About the Club

Mission Statement

The Carolina Bird Club is a non-profit organization that represents and supports the birding community in the Carolinas through its website, publications, meetings, workshops, trips, and partnerships, whose mission is

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The Carolina Bird Club, Inc., is a non-profit educational and scientific association open to anyone interested in the study and conservation of wildlife, particularly birds.

The Club meets each winter, spring, and fall at different locations in the Carolinas. Meeting sites are selected to give participants an opportunity to see many different kinds of birds. Guided field trips and informative programs are combined for an exciting weekend of meeting with people who share an enthusiasm and concern for birds.

The Club offers research grants in avian biology for undergraduate and graduate students, and scholarships for young birders.

The Club publishes two print publications (now also available online). The Chat is a quarterly ornithological journal that contains scientific articles, reports of bird records committees and bird counts, and general field notes on bird sightings. CBC Newsletter is published bimonthly and includes birding articles and information about meetings, field trips, and Club news.

The Club provides this website to all for free.

By becoming a member, you support the activities of the Club, receive reduced registration fee for meetings, can participate in bonus field trips, and receive our publications.

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Other Resources (NOT sponsored by Carolina Bird Club)

Lynchburg Savanna Heritage Preserve

Robin Carter


From Exit 120 of I-20 near Bishopville, go south on SC 341. In 2.9 miles bear right on SC 527 for 7.7 miles. Here turn left (east) onto Road 327, CC Road, for about 3 miles to the preserve entrance on the left (north). The intersection of SC 527 and Road 327 is 3 miles north of US 76.

Birds to look for

Bachman's Sparrow (s), Chipping Sparrow, Field Sparrow, Grasshopper Sparrow (w), Henslow's Sparrow (w), LeConte's Sparrow (w), Fox Sparrow (w), Song Sparrow (w), Lincoln's Sparrow (w), Swamp Sparrow (w), White-throated Sparrow (w), Dark-eyed Junco (w), Blue Grosbeak (s), Indigo Bunting (m, s)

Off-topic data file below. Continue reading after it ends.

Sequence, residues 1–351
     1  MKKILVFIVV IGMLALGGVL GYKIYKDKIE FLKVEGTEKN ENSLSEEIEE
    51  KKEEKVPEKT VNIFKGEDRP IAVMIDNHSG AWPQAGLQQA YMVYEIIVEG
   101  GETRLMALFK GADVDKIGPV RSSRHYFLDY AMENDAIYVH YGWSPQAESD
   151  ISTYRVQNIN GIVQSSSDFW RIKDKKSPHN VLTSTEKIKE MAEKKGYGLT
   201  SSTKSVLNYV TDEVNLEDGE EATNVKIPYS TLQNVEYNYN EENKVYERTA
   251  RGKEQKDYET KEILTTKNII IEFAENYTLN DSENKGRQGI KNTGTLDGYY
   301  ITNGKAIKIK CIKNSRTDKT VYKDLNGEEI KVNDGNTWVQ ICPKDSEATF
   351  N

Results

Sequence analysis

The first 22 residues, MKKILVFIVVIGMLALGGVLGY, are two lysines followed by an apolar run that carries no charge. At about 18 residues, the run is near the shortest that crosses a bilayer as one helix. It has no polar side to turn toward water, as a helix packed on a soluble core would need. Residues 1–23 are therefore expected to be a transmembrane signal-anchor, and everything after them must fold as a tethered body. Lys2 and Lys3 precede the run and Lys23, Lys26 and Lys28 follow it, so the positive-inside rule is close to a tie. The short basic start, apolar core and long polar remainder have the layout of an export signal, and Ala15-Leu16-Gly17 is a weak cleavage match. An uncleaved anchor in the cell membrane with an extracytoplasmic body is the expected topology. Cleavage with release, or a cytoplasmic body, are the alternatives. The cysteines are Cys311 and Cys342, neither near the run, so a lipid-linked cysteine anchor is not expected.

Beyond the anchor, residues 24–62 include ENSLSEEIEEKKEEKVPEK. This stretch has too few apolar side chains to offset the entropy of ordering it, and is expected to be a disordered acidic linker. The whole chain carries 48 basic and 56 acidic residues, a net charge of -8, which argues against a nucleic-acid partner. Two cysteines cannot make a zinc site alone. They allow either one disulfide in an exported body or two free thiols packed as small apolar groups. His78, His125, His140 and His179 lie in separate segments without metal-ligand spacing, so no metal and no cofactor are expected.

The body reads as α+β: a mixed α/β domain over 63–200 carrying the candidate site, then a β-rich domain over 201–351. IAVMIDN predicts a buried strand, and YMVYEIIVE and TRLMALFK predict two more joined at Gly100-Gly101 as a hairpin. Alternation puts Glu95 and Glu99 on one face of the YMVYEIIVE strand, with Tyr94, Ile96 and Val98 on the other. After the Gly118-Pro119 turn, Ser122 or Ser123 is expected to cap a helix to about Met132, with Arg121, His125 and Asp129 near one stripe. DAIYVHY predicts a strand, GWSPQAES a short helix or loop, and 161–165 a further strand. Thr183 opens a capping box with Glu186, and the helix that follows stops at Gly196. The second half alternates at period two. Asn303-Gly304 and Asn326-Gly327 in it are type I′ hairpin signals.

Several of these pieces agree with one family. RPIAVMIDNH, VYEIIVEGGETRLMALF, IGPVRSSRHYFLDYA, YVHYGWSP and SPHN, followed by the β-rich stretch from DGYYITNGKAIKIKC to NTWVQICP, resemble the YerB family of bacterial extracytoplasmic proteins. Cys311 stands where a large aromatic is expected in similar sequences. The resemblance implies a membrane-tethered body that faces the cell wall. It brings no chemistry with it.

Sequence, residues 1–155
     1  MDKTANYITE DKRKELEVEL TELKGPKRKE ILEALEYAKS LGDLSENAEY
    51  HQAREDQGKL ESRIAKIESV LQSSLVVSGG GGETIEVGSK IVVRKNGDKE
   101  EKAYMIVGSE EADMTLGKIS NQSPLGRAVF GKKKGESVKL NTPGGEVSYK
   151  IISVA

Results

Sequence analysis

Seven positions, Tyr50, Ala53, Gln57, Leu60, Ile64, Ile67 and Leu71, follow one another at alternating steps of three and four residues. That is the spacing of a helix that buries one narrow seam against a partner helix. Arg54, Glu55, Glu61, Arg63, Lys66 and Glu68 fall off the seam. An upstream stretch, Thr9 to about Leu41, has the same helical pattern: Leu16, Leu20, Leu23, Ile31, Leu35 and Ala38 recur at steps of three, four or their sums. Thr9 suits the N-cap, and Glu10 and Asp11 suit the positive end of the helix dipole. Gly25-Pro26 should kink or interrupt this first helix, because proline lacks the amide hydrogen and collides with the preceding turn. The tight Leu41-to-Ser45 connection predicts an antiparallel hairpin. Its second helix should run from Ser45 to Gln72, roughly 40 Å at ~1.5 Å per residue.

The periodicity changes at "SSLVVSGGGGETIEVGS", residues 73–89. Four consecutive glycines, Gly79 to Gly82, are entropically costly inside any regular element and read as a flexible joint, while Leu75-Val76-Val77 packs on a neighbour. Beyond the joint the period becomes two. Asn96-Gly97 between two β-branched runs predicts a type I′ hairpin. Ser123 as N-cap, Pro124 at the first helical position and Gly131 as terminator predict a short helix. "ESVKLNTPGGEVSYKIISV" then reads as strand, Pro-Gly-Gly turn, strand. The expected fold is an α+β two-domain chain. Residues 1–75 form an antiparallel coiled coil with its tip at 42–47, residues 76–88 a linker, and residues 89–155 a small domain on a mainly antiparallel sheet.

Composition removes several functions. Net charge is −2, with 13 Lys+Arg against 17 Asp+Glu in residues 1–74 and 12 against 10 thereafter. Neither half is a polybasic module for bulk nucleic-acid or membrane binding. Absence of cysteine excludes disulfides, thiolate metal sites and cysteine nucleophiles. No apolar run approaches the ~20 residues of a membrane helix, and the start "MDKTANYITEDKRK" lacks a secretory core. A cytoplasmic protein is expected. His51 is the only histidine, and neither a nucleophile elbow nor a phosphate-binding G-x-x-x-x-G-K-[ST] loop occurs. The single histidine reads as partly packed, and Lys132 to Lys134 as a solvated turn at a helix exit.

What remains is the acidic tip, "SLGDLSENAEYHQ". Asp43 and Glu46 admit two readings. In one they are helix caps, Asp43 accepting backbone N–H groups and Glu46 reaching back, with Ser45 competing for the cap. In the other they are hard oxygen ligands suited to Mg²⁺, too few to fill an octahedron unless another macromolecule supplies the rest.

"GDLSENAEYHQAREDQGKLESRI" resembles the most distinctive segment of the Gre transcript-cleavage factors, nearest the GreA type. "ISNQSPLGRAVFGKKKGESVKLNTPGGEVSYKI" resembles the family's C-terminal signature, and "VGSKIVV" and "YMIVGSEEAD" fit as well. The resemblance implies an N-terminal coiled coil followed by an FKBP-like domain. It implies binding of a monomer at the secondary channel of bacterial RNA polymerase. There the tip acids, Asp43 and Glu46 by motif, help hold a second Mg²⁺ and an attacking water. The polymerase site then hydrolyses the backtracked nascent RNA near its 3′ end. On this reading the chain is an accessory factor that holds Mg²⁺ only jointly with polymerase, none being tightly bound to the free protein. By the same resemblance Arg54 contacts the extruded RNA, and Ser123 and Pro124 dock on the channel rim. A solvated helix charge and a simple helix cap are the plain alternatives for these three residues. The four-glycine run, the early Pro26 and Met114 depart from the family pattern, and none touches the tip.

Lynchburg Savanna Heritage Preserve is a medium-sized preserve that protects a remnant of the longleaf pine-toothache grass savanna habitat that was fairly common in the South Carolina Coastal Plain before European settlement. The preserve is most important for its plant life. Longleaf pine savannas are some of the most diverse ecosystems in North America.

The savanna in the preserve is not pristine. Most notably the old-growth longleaf pines that once were the crowning jewels of this area were logged before the property became a Heritage Preserve. For the birder this means that Lynchburg Savanna is no longer a good place to find Red-cockaded Woodpecker. (A few Red-cockaded Woodpeckers persist in the vicinity, notably at Longleaf Pine Heritage Preserve. This species has been observed at Lynchburg Savanna in the past, but finding one today would be very unusual.)

Even without the Red-cockaded Woodpeckers Lynchburg Savanna is a popular destination for birders for one main reason—it has sparrows. There are lots of sparrows present at all seasons. Field Sparrows and Chipping Sparrows are common permanent residents, easily found at all seasons. Bachman's Sparrows are present year-round as well, but are usually located only when they are singing (roughly March through August). From April through June the ethereal song of the Bachman's Sparrow is one of the most common natural sounds at Lynchburg Savanna. With a bit of patience a birder can locate a singing Bachman's Sparrow, usually perched atop a low shrub or perhaps in a pine tree.

During the winter the permanent resident sparrows are joined by most of the wintering sparrows typically found in South Carolina. Goodies such as Lincoln's Sparrow are found regularly. In wet winters you might even flush a LeConte's Sparrow or Henslow's Sparrow from a grassy wet area.

Birding Lynchburg Savanna is easy. From the parking lot follow one of the old logging roads out into the preserve. Wander around for a while. If you are looking for LeConte's Sparrow or Henslow's Sparrow in winter you must be prepared to get off of the old road and slog about in the wet grassy areas at bit.

Other birds present are typical of the pinewoods and early successional habitats of central South Carolina. Rarities found nearby (although not yet on the heritage preserve property) include Common Ground-Dove, Scissor-tailed Flycatcher, and Western Kingbird.

The preserve is open during daylight hours only, but if you are in the neighborhood at night you might well hear a Great Horned Owl. During spring and summer Whip-poor-wills are abundant and Chuck-will's-widows are fairly common.



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